The eye is immediately drawn to the perfectly manicured hands cradling the sponge, and a dialogue coming from the sponge that says- “So I do the dirty work, and your hands get the beauty treatment?  Thanks a lot.” First and foremost, one can deduce that the extreme feminization of the hands suggests, that in the imagination of society, the one conducting this type of labor within the home is the mother figure of the household.  The use of both a pink bottle and a pink sponge enforces that image drastically, as it connotates a binary of pink and blue used to portray an image of a man and woman.

The nature of the hands are particularly interesting, as they appear extremely manicured.  In McClintock’s Chapter “Massa and Maids” more specifically on the discussion of hands, she argues that, “hands expressed one’s class by expressing one’s relation to labor.  Dainty hands were hands that were unstained by work” (McClintock 99). The display of the unworked hands indicates a similar anxiety of the Victorian era in which middle-class women who might have toiled in cleaning and cooking due to being unable to afford hired help attempt to hide that fact through counteracting the effects of that labor on their hands.  In attempting to emulate the aristocratic class in conveying a sense of leisure in their lifestyle, the women who conduct this work are simultaneously erasing their own unpaid labor. So then, even today, there is this attempt to emulate a certain lifestyle through erasure of those who conduct this labor.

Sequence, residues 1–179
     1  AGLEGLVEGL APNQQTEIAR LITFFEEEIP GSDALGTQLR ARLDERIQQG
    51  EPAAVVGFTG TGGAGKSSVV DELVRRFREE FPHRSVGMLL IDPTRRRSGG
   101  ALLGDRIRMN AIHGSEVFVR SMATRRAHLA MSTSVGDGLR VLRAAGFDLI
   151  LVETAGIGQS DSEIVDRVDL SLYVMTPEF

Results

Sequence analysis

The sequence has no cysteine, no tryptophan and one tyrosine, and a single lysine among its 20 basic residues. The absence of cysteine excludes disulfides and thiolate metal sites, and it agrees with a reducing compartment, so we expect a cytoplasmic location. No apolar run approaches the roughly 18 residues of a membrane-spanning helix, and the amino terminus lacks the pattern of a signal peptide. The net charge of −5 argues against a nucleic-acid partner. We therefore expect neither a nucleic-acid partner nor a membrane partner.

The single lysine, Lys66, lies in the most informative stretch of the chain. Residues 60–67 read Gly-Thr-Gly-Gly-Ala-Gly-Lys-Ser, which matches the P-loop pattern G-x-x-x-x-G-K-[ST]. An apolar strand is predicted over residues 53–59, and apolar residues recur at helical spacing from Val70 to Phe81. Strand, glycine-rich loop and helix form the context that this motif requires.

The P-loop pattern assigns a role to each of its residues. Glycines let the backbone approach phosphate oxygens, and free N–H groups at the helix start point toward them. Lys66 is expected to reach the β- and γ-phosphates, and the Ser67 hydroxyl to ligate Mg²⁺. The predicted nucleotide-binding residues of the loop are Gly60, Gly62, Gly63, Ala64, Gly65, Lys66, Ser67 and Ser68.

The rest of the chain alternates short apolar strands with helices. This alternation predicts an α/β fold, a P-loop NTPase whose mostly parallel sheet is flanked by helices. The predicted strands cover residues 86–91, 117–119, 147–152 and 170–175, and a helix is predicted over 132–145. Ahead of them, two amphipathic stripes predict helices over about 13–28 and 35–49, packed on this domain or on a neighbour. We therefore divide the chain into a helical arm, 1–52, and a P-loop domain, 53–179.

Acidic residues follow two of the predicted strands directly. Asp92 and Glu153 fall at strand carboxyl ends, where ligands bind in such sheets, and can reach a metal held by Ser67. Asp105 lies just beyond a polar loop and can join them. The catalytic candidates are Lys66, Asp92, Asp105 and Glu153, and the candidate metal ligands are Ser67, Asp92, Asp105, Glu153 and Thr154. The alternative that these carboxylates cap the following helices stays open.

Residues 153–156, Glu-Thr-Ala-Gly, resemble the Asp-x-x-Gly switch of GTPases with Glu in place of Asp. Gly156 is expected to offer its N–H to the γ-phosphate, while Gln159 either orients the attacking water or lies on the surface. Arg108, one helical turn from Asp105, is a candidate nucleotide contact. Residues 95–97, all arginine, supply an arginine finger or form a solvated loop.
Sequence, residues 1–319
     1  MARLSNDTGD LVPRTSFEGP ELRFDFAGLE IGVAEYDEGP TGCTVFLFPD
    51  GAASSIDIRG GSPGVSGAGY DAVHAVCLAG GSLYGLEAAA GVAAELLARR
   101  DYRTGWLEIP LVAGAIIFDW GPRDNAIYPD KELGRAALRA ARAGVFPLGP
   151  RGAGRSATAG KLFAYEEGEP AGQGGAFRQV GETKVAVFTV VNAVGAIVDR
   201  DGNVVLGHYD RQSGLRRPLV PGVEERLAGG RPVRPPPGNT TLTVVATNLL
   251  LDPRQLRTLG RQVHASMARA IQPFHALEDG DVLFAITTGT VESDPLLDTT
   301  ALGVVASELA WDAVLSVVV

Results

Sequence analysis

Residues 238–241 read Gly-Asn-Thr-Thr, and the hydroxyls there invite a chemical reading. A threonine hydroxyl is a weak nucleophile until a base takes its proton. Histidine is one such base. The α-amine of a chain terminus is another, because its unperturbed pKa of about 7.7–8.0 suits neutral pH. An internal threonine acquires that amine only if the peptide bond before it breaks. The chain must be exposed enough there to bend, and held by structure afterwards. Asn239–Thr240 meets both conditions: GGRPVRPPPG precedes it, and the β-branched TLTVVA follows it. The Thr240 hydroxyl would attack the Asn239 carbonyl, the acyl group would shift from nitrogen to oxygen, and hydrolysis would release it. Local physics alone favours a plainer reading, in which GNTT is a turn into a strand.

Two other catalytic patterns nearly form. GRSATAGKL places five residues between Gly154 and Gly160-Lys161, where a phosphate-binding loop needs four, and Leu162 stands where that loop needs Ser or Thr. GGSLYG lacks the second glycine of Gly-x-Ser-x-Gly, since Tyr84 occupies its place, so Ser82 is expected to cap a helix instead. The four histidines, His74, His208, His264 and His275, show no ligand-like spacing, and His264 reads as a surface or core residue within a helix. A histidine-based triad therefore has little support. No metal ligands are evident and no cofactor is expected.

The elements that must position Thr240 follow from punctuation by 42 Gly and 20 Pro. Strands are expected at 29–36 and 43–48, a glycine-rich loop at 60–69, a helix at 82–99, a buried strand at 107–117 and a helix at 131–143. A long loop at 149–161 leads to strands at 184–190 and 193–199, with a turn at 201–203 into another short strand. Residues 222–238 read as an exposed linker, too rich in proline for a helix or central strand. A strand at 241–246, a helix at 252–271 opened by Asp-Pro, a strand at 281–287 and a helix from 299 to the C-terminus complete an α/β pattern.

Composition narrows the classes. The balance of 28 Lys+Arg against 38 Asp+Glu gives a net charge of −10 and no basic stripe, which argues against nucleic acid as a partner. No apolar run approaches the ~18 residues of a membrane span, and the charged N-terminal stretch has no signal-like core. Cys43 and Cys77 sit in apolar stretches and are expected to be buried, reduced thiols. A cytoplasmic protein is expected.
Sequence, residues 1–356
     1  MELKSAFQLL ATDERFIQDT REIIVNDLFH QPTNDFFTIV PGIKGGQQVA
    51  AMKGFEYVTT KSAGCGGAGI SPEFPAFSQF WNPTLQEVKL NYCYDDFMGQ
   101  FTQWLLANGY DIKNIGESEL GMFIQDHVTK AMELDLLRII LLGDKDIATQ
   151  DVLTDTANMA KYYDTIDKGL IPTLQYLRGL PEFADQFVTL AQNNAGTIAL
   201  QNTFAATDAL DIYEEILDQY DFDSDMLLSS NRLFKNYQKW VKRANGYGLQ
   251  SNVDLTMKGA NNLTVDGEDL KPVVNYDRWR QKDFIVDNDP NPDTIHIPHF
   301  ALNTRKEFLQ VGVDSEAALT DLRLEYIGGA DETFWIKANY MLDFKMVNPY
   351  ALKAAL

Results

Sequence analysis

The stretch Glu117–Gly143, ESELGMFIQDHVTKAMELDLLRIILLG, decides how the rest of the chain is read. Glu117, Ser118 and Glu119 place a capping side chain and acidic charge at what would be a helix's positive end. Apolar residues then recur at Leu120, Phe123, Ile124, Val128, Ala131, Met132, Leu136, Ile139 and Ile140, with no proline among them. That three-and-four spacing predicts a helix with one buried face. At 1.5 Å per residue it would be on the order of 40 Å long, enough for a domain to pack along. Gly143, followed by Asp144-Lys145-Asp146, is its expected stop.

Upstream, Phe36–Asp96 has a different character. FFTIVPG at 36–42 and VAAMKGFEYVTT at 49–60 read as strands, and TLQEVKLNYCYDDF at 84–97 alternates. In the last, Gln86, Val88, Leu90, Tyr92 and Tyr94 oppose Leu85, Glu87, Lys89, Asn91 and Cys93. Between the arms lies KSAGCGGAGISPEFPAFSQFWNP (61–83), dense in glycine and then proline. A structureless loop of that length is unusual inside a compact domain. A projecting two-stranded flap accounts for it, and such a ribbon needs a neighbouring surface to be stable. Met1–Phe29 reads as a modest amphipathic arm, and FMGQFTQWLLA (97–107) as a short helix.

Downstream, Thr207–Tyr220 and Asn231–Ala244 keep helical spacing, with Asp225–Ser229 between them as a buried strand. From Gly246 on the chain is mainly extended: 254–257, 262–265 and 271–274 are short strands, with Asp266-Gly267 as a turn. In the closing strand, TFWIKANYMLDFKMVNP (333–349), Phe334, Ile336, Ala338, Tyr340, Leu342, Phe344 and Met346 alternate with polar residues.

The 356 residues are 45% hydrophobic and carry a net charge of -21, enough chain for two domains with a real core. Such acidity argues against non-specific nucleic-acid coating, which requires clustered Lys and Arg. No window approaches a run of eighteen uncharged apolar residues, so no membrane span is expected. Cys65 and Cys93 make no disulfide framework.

This erasure is endorsed even more through the use of the sponge as a character.  Rather than using the actual subject of the one cleaning the dishes to speak in the advertisement, the sponge is portrayed as the main character through its speaking part.  Albeit used for comedic effect, the sponge suggests that it is the sponge doing all of the work.  This focus is doubly enforced through the rather detached and depersonalized nature of the hands. Rather than include an actual person, the ad further detaches the actual person from the work that they are doing, and further minimizes their role in this activity, even though it is this type of person that they are targetting.  

Although this particular advertisement was released in 2013, many advertisements of this nature can still be seen today. It is rather surprising that there is still a particularly antiquated notion of the domestic sphere, and how that translates to marketing for the consumers of these products.

 

Dawn advertisement smallWorks Cited

Image 1:  https://mathes03.wordpress.com/2013/11/25/45/

McClintock, Anne. Imperial Leather: Race, Gender and Sexuality in the Colonial Contest. Routledge, 1995.

Posted by: Casey L | November 7, 2018

Experimenting with Victorian Photocollage

To immerse myself in photocollage and attempt a multimedia exploration of this course’s concepts, I created my own Victorian-inspired photocollage.